This article was published in Australian Dictionary of Biography, Volume 16, (MUP), 2002
Kathleen Kyffin Thomas (1891-1973), community worker, was born on 7 February 1891 in Adelaide, sixth of seven children of South Australian-born parents (Sir) Robert Kyffin Thomas, newspaper proprietor, and his wife Amelia, née Bowen. Esther (Stella) Bowen was her cousin. Educated at Miss Martin's school, Kathleen worked as a governess and in 1908 studied English at the University of Adelaide—she later regretted not completing a degree—and played hockey. In 1909 she accompanied her parents to the Imperial Press Conference in London.
Inspired by Lady Galway at the inaugural meeting of the South Australian division of the British Red Cross Society on 14 August 1914, Miss Kyffin Thomas volunteered to work in the central stores depot, located in the Government House stables; she sorted clothing and packed comforts for soldiers overseas. Soon becoming Lady Galway's secretary for Red Cross, she was elected (1915) to the general committee, which she served as honorary assistant-secretary. In 1918 she was made honorary secretary of the Australian Red Cross Society, South Australian division. That year she was appointed O.B.E. Following Lady Galway's departure in January 1919 and the return of sick and wounded servicemen, she worked more intensively; in 1920 she resigned the secretaryship for health reasons, but remained on the executive committee. In 1930 she represented South Australia at the British Empire Red Cross Conference in London.
Kyffin Thomas had been secretary (1916-21) of the newspaper branch of the Victoria League for Commonwealth Friendship, which dispatched local newspapers, books, and magazines to soldiers in Australian and overseas hospitals. She was the league's honorary secretary from 1922 to 1947. A founding member (1935) of the Pioneers' Association of South Australia, she was on the executive (1935-36) of the Women's Centenary Council of South Australia.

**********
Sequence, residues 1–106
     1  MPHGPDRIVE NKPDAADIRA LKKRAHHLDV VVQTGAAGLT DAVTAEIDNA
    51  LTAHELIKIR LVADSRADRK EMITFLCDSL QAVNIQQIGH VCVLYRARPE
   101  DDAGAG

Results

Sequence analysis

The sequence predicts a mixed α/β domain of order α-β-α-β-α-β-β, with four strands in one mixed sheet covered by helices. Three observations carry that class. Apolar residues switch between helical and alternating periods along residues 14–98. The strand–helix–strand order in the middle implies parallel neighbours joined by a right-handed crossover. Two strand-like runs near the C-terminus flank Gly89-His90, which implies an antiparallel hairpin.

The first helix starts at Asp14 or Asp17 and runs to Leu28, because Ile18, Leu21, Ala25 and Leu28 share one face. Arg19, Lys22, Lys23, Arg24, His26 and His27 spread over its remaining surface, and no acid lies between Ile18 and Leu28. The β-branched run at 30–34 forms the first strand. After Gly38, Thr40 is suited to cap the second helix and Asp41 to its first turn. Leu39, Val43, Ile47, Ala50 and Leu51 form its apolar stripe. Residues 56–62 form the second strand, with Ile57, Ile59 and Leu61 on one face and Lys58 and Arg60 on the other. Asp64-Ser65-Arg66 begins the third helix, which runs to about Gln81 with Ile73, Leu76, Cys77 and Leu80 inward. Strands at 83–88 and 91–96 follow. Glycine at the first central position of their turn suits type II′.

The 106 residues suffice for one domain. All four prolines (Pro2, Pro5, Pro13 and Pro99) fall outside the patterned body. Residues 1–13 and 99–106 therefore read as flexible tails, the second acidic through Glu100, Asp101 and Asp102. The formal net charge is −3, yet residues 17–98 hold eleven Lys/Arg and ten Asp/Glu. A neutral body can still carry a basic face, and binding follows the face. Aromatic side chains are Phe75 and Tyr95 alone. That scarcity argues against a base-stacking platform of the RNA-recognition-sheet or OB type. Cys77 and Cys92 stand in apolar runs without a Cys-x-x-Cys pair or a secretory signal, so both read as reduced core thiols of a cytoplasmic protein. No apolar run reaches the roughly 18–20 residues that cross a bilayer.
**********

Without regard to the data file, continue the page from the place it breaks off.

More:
During World War II Kyffin Thomas's experience proved invaluable. In December 1938 she had helped to establish the Red Cross's emergency service which trained women in non-combatant roles. Visiting far-flung Red Cross branches in South Australia and at Broken Hill, New South Wales, she recruited volunteers for instruction in first aid, home nursing and air-raid precautions. By October next year 10,000 women had joined the service in South Australia. From April 1939 she organized the Red Cross transport service, which trained and allocated female drivers and mechanics. In uniform as divisional commandant (1941-51) of Red Cross women personnel, she led her well-trained, disciplined group of volunteers 'with a rod of iron—and was kind'. She gave radio talks on Red Cross activities for the Australian Broadcasting Commission and, as director of Red Cross hospital visiting (1941-47), supervised one hundred volunteers.
Definite, but co-operative and friendly, Kyffin Thomas inspired respect and affection. She was devoted to her family. In 1946 she was appointed (officer) to the Order of St John of Jerusalem. She chaired (1947-55) the Junior Red Cross Society, and presided (1951-53) over the Adelaide Lyceum Club. Awarded honorary life membership of the Red Cross, she became vice-president in 1955. After receiving the Red Cross's fifty years' service medal in 1964, she retired. She died on 15 March 1973 at the Helping Hand Centre, North Adelaide, and was cremated.
Helen Jones, 'Thomas, Kathleen Kyffin (1891–1973)', Australian Dictionary of Biography, National Centre of Biography, Australian National University, http://adb.anu.edu.au/biography/thomas-kathleen-kyffin-11843/text21197, published first in hardcopy 2002, accessed online 3 July 2015.
This article was first published in hardcopy in Australian Dictionary of Biography, Volume 16, (MUP), 2002